Photo Credit: Asher Schwartz
Being the Rov of a Shul where the majority of the Mispallelim grew up celebrating Thanksgiving and their families still do, I am besieged with all types of Shailos before the Yom Tov of Thanksgiving.
Last year at this time of the year, I had my most surprising and unexpected Thanksgiving episode to date.
A “recalcitrant” son in law was refusing to go to his “not-yet-frum-in-laws” for Thanksgiving.
The food would be kosher; the environment would be acceptable; what then was the problem?
After much mediation and hours of conversation the son-in-law finally told me what the ‘real’ issue was.
He was upset because five years ago when he married his wife, he was ‘promised’ “the traditional’ groom’s gift of Jewish books” from his in laws which of course he thought meant a Shas.
His in-laws, being totally foreign to frum culture were very eager to fulfill their obligation; the problem was they had no idea what were ’the traditional set of Jewish books’ that they were supposed to buy for their soon to be son-in law.
The couple, due to nothing but ignorance, went to their local Judaica store in the neighborhood in Florida where they lived and asked the proprietor what is the most famous set of Jewish books that most people use?
The Judaica store owner thought for a moment and then answered with conviction, “A set of Machzorim; everyone needs their own set of prayer books!”
His future in laws promptly bought him a two volume set of the Birnbaum Machzor for Rosh Hashanah and Yom Kippur and they proudly presented their gift to their new son-in law.
Needless to say the son in law was not tickled pink by their choice of gift.
As he himself was a Baal Teshuva, he was hoping of course for the Artscroll set of Talmud Bavli- not an “out-dated” version of the Machzor which was anyway unneeded as he already owned an Artscroll set of Machzorim.
The son-in-law kept his resentment hidden and allowed it to fester until last year at Thanksgiving time he finally he admitted it to me.
After meeting face to face with his father-in-law and informing him of the problem; namely, that his son in-law wants a set of books called “Shas”; the man promptly agreed to resolve the issue and off he went to the local Judaica Store to buy his son-in-law a Shas.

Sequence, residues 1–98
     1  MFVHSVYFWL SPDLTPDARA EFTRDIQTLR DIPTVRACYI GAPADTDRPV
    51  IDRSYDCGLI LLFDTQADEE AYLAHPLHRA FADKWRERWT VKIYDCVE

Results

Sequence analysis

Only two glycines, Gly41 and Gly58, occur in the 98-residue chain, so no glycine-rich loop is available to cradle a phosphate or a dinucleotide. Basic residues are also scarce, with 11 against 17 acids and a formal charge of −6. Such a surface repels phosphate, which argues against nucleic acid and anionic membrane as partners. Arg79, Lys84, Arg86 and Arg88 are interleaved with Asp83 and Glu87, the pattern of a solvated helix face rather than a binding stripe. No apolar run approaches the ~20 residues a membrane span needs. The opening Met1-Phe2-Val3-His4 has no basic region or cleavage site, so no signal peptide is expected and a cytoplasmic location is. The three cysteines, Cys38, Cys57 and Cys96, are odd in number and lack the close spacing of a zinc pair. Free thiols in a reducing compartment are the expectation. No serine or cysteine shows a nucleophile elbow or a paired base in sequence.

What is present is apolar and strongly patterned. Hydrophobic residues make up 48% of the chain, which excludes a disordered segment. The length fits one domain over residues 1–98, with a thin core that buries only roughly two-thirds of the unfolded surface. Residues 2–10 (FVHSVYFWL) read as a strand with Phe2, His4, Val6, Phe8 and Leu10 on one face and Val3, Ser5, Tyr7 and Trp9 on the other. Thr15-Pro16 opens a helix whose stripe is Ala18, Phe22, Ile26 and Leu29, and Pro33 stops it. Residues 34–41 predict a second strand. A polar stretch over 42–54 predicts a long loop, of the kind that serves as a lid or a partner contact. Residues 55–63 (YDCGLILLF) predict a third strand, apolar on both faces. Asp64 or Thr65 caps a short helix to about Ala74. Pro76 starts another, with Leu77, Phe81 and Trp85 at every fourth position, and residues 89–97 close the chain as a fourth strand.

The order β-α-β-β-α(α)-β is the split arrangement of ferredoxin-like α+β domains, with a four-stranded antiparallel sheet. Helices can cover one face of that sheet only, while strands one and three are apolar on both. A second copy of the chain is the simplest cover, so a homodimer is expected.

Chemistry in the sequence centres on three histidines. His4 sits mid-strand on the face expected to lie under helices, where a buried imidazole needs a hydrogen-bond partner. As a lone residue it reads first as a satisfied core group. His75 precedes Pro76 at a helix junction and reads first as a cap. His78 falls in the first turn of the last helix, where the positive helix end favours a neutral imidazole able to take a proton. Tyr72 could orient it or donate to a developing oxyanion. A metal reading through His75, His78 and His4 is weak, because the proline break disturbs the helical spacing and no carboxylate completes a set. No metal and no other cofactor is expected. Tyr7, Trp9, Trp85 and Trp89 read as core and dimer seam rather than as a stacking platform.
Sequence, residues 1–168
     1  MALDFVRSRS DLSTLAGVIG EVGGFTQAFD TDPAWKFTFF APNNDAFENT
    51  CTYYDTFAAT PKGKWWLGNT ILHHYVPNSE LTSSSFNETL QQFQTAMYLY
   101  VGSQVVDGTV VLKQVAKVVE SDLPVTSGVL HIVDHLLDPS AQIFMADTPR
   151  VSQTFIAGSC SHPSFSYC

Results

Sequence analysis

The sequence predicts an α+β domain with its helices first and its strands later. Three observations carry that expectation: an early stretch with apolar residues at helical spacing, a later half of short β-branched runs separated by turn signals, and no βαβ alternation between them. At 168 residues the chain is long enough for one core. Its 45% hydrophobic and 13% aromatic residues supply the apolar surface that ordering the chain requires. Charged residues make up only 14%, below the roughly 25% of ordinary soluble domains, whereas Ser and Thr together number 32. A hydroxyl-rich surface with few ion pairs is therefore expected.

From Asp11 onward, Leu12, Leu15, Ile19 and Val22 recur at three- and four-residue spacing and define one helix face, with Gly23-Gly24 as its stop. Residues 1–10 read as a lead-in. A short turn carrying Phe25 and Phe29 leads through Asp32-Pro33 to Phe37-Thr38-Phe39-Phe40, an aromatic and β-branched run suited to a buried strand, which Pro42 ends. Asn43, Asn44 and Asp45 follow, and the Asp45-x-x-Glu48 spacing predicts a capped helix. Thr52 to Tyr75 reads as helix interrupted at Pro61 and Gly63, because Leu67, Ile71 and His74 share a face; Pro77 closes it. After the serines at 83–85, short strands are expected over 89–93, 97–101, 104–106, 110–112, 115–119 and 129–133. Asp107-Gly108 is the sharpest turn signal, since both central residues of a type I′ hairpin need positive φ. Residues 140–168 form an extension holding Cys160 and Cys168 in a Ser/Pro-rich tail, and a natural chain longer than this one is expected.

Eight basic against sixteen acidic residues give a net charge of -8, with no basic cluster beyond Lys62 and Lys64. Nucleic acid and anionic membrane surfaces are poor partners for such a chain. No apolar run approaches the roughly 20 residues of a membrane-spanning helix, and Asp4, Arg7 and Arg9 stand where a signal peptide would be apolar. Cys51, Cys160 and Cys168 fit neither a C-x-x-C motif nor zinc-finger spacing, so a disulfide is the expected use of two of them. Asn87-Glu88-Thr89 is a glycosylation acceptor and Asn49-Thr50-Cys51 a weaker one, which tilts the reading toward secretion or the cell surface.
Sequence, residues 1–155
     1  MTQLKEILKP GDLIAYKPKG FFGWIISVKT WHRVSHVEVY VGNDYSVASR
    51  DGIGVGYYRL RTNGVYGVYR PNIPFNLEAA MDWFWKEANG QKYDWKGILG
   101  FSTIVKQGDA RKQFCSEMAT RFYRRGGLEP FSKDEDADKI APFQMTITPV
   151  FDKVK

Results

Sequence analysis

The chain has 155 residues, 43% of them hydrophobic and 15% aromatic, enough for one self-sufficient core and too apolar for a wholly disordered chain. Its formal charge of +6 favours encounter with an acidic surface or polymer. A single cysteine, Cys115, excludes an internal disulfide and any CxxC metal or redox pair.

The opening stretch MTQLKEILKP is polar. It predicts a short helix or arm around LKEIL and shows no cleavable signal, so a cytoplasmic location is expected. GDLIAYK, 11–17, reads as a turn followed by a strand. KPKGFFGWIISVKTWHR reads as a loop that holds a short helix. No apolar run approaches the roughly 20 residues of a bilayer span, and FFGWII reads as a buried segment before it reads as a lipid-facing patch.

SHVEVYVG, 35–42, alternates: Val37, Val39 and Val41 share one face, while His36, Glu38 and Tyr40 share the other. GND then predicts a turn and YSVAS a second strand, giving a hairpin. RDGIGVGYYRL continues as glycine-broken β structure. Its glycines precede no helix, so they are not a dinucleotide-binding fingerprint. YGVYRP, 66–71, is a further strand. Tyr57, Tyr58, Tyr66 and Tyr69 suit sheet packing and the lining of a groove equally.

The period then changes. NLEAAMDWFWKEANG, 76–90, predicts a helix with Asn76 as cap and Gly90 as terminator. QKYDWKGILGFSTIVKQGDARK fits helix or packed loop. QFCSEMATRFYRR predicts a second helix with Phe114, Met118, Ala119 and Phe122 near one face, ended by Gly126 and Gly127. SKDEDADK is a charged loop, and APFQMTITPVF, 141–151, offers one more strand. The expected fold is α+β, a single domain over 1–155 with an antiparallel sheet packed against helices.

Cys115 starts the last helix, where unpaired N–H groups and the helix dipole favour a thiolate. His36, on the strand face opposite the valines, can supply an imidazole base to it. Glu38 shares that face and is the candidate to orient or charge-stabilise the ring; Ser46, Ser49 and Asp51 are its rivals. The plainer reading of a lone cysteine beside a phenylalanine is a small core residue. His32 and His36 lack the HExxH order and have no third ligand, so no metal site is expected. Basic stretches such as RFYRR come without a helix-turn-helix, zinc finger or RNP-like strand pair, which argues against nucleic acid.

Yesterday, I happened to visit the son-in-law at home.
I asked him if all is set for this year’s Thanksgiving Seudah.
 “Yes, all is good; there is Shalom now and we are going tomorrow for Thanksgiving. Thank you for your help last year in resolving the issue.”
 “So where is the new Shas? I don’t see it?” I asked as I searched his bookshelves.
The son-in-law pointed to a seven volume set of Seforim.
Upon further inspection, I realized I was indeed looking at a full set of Shas, however, it was not the usual twenty volume set of Shas Bavli –it was a complete set of the Yerushalmi Shas- which has only seven volumes.
 “Why did your father-in-law buy you a Yerushalmi Shas?”
I knew that the young man- being himself a relatively new comer to Torah learning- could only navigate the ‘regular’ Talmud Bavli with an Artscroll translation, so I wondered what he was going to do with an all-Aramaic Talmud Yerushalmi.
“Rabbi, it’s all good and I am totally at peace with everything. However, this is how I ended up with a Talmud Yerushalmi.
 My father in law walked into a Seforim store and asked for a Shas.
The proprietor asked, “Bavli or Yerushalmi?”
“What does that mean?” asked my father-in-law.
“Bavli means Babylonian Talmud, which is current day Iraq, while Talmud Yerushalmi means the Jerusalem Talmud.”
The proprietor also added (incorrectly regarding the Yerushalmi) that the Bavli was written in modern day Iraq while the Yerushalmi was written in the Holy City of Jerusalem.
My father-in-law replied without hesitating, “My son-in-law is always talking about returning to Jerusalem, so I’m sure he would want the Jerusalem Talmud!”
And that is how I ended up with a Yerushalmi!”
I looked at him and he looked at me and we both began to laugh.
“May this be a lesson to you: never wish for something; you never know- it may come true!”

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Rabbi Ron Yitzchok Eisenman is rav of Congregation Ahavas Israel in Passaic, New Jersey. His book, “The Elephant in the Room,” is available either directly from the author or at